Standing at only 5'5" with cherry red hair and lanky limbs, 20-year-old Jovel Ramos has become one of fashion's favorite outsider models. He's walked the runways of Hood by Air and Maison the Faux, been profiled by Teen Vogueand, most recently, appeared as a dinner guest during Katy Perry's SNL performance of "Bon Appetit."
But this type of visibility only makes a minor impact, even if you're as unapologetically queer as Ramos, who admits feeling guilty for landing features that lack genuine substance. "I was doing all these jobs, but none of it felt real," he says. "Queer visibility is great, but that's not saving anybody's life--that's not creating safe spaces."
Effective change comes from those who "practice what they preach," so Ramos decided to independently create a capsule collection that directly impacts the Ali Forney Center, New York's largest LGBTQ community center. "I wanted to give back to a community that means something to me," he says, which is why he's donating 20 percent of all profits from his capsule to the Center.
With a mission to eradicate queer homelessness and empower young people to live authentically, Ali Forney's mission targets the 40 percent of homeless adolescents today that identify as LGBTQ. They're rejected by their families and thrown onto the streets, forced to take on the world with inadequate resources and cruel mental strains.
"That hit really close to home," Ramos says, having been raised in Massachusetts public housing with his single mother. "I know what it's like to grow up against adversity in an urban community. I know what it's like to grow up queer. I know what it's like to think nobody wants to see you succeed."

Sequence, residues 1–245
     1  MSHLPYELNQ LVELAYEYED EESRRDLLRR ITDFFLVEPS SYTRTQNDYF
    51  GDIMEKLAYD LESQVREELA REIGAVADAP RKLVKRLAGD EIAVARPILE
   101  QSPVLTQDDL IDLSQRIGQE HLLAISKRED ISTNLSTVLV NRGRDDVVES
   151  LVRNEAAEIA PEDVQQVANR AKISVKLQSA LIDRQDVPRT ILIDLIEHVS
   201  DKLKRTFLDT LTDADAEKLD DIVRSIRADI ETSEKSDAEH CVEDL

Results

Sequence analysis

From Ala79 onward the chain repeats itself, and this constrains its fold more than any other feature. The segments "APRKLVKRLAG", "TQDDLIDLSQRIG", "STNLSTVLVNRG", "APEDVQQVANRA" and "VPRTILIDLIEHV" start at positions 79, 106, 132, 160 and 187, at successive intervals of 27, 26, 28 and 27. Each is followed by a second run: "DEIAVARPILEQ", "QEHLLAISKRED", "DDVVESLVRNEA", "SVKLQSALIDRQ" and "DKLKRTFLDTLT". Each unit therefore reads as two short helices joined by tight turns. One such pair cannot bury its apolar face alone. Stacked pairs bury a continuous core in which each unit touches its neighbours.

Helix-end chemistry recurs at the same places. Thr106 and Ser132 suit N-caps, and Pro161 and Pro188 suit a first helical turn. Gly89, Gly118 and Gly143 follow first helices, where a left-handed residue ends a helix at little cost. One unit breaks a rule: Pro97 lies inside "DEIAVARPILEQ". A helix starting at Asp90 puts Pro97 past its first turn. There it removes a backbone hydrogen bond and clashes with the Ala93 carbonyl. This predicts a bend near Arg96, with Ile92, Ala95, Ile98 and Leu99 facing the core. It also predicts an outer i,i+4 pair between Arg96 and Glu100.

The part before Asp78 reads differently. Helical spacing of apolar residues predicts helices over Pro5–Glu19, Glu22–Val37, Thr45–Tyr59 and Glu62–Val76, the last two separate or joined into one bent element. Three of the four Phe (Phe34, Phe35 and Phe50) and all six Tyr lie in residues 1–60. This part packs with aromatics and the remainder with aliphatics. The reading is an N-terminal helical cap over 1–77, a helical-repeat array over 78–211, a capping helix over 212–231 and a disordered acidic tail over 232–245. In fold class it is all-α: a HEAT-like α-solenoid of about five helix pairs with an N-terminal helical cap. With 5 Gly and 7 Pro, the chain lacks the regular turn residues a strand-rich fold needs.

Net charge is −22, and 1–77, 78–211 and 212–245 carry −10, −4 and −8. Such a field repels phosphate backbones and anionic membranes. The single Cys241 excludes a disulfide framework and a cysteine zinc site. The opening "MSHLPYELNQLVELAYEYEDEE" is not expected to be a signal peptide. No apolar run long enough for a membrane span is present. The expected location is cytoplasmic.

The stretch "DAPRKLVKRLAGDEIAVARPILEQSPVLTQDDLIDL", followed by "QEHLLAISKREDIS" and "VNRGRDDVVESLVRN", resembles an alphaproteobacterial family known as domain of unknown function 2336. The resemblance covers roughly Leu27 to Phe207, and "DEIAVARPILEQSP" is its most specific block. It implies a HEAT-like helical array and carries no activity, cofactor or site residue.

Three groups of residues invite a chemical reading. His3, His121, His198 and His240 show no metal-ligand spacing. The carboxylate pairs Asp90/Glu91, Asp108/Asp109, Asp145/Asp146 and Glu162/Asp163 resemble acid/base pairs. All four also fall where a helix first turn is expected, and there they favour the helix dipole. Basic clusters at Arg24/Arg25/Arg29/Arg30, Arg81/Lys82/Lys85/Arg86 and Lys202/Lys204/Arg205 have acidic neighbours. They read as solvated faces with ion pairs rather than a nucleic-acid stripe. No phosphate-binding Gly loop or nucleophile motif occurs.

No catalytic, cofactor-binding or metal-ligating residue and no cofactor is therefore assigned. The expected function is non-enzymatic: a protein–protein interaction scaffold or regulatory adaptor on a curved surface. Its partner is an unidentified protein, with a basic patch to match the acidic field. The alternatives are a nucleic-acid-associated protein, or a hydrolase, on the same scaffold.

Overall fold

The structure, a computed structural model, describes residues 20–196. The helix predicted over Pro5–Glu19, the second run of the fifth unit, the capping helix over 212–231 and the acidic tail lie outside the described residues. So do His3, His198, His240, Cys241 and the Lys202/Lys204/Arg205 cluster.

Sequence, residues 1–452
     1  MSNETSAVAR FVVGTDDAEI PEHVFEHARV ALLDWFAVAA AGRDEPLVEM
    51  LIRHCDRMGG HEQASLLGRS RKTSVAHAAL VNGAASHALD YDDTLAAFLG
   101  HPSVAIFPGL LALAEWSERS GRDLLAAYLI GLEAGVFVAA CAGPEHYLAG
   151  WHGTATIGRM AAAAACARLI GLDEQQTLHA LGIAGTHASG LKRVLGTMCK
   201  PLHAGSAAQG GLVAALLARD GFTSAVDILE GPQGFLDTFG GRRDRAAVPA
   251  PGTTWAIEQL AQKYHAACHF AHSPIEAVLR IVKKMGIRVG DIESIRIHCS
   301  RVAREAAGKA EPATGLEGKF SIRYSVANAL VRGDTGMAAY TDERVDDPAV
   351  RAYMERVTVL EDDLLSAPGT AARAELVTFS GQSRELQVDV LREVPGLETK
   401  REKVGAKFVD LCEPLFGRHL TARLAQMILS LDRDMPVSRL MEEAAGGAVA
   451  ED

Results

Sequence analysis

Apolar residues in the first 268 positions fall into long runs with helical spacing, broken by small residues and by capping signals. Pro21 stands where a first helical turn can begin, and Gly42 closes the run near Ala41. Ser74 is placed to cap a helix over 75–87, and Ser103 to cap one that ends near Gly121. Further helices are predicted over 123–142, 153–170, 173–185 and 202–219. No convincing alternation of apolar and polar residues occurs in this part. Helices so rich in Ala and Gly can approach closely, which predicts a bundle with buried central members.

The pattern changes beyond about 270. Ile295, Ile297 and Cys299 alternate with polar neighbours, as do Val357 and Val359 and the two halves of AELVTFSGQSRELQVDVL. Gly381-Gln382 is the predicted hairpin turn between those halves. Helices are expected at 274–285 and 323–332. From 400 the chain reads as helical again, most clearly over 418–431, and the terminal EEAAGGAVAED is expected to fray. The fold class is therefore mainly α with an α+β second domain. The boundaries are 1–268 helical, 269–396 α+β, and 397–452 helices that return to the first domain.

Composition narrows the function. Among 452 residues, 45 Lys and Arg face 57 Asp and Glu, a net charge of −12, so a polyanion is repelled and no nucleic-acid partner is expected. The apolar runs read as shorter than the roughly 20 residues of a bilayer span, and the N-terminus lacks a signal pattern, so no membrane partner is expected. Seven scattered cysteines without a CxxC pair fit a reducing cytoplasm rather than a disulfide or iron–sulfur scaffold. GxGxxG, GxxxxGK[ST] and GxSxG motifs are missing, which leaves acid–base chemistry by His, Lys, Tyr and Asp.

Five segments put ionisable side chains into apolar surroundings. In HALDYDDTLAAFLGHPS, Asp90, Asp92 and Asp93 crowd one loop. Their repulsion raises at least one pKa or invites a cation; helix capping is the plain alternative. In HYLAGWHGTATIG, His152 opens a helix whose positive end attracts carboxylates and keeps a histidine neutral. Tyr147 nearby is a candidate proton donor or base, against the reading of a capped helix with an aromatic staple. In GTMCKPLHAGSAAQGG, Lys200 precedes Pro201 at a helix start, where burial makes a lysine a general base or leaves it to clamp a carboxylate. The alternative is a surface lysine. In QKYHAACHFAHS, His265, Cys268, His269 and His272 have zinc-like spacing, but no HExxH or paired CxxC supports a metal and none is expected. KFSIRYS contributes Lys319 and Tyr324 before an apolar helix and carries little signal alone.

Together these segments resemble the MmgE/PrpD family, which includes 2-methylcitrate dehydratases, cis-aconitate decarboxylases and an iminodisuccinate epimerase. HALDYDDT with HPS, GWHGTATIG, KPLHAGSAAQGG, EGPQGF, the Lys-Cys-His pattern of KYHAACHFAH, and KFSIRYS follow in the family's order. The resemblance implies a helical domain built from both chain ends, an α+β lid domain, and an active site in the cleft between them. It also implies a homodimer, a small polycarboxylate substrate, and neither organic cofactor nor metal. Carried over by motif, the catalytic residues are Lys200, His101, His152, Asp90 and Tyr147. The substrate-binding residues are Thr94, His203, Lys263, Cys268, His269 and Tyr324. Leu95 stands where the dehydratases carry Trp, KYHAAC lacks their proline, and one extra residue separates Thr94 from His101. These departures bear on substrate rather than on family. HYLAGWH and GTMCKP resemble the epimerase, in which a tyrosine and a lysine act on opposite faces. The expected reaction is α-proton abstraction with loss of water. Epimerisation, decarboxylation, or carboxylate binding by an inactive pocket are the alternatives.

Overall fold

Ramos' graphic three-piece capsule is a reflection of his own personal style and DIY ambition. Printed with a Jack O'Lantern's menacing smile, each top was inspired by Ramos' love of "dark, twisted, spooky" fashion. He thought about mall goth culture and Halloween--the unsung clearance rack at Hot Topic that outcast teens religiously shop.
(From Left): Lilith Levisis, Nat Carlson, Philip Errico
"My entire brand is based off love, acceptance and rebellion," he says, underlining the importance that his work also celebrate femininity. On the pink "Spooky Stripper Hoodie," Ramos bedazzled the outline of a femme stripper; another option is a flirty crop top, which Ramos styles with a plaid mini-skirt. "It's about mixing masculine things with feminine things," he says, citing his mother as chief inspiration.
"For a long time it was just me and my mom against the world," he says. "Public housing was a lot of moving and being shoveled around. It's hard to raise kids, let alone raise kids alone. I have the strongest mom ever, and I think that goes hand-in-hand with why I appreciate women's fashion and see the beauty in femininity."
(From Left): Nat Carlson, Lilith Levisis, Jovel Ramos, Philip Errico, Gia Garison
But Ramos' ability to flaunt his feminine side today took years of building confidence. Perhaps it would've been easier had there been more visible queer figures like himself to look up to. "It's scary to for most people to be 100 percent organically themselves, and it even took some time for me," he says, hoping the capsule can be a message of self-acceptance for LGBTQ youth--especially those at Ali Forney Center.
"I want to let these kids know they can achieve anything," Ramos says. "That's what I did. I grew up in public housing with a single mom and now I run my own brand, I model and I get flown to the other side of the U.S. for photoshoots. My life has been a complete 360. I want that message to be given to every kid who comes in contact with my clothes."